Genealogy Tips and Tricks

   To trace a family, start with what is known and work backwards — parents to grandparents and so on and along the way, it's important to note every source of information. Genealogy is all about what can be documented and it's helpful to keep in mind that all published records are compiled by people … Continue reading Genealogy Tips and Tricks

Like a Rolling Stone: Pharris Matthew Stribling, 1901-1950

  My grandfather, Pharris Matthew Stribling, could have been the inspiration behind the song, Papa was a Rolling Stone. I'm not certain of his exact birthdate, but I believe he was born sometime around February or March of 1901, in Lincolnton, Lincoln County, Georgia, the second child and oldest son of Charles and Emily (Flanigan) … Continue reading Like a Rolling Stone: Pharris Matthew Stribling, 1901-1950

Coat of Arms, Ambrose Lupo and Sons

This is a graphic representation of the coat of arms issued to Ambrose Lupo (posthumously) and his sons, Peter and Joseph. Numerous copies are floating around the Internet, mistakenly identified as the Lupo family coat of arms, many with no attribution and some with erroneous information about how it originated. Here's the actual story. The … Continue reading Coat of Arms, Ambrose Lupo and Sons

The First Lupos in America 1610-1670

The story of the Lupo family in North America began with the earliest settlers in Virginia and was led by two sons of royal musician Peter Lupo. His marriage to Katherine Wicker is recorded in the parish of St. Botolph's without Aldgate 27 October 1575. It was preceded within a month by the christening of … Continue reading The First Lupos in America 1610-1670

Reconstructing a Family: Laban Lupo of Robeson County, NC

In putting together a genealogy, knowing who isn't part of a given family is almost as important as knowing who is. In the case of the Lupos in Virginia and the Carolinas, the exasperating naming conventions make it very difficult to identify who belongs where. Between 1780 and 1820 there were at least four men … Continue reading Reconstructing a Family: Laban Lupo of Robeson County, NC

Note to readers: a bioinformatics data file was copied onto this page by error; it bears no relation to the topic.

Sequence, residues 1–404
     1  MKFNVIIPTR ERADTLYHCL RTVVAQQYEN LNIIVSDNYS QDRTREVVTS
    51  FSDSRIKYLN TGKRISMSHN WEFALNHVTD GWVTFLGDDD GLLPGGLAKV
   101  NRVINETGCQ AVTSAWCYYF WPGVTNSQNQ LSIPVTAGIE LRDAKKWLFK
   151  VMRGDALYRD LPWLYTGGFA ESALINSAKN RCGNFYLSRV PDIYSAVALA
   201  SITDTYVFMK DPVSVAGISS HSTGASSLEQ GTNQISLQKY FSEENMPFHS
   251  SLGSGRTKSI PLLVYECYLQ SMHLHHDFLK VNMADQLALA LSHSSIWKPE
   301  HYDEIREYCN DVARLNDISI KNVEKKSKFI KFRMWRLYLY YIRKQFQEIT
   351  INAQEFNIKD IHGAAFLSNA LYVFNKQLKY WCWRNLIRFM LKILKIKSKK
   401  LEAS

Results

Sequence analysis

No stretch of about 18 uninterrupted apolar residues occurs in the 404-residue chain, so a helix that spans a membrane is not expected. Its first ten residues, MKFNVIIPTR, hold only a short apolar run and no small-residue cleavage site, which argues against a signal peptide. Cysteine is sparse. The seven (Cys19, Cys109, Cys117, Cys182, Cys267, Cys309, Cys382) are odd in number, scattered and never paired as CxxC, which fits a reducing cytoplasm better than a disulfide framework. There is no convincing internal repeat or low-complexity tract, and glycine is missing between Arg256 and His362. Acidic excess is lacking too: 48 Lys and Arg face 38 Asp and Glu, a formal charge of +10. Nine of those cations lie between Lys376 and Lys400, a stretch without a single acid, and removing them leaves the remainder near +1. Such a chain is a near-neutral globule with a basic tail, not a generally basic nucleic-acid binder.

Talmadge Eugene Lupo, 1933-1995

Remembering my father, Talmadge Eugene Lupo (13 April 1933 - 5 April 1995) on what would have been his 82nd birthday. He was born thirty years and one week before I was. He graduated high school in Homerville, GA in 1951. He served two terms in the U.S. Air Force throughout the 1950s, stationed in … Continue reading Talmadge Eugene Lupo, 1933-1995

Genealogy and Writing

Genealogy is a process akin to assembling a massive jigsaw puzzle that has pieces scattered across multiple locations and times, some of which cannot be found, and with no indication of the picture that's to be assembled. The more pertinent facts one has the better, because that can help establish who an ancestor was, and … Continue reading Genealogy and Writing

James Lupo, Isle of Wight County, Virginia, Died 1790

Adapted, with new information, from files at Almost everyone named Lupo, and many with the common variant Luper, who lived in the Southern United States at the time of the Civil War, descended from one of the three sons of James Lupo, whose will was recorded in Isle of Wight County, Virginia in September … Continue reading James Lupo, Isle of Wight County, Virginia, Died 1790

The Lupos and Shakespeare

Note: This article has been updated and expanded in my essay collection The Cheese Toast Project, available in print from online bookstores, and in print and Kindle at Amazon. My earliest known ancestor, Ambrose Lupo, was brought to England as part of an ensemble of string players around May of 1540 by Henry VIII. Some … Continue reading The Lupos and Shakespeare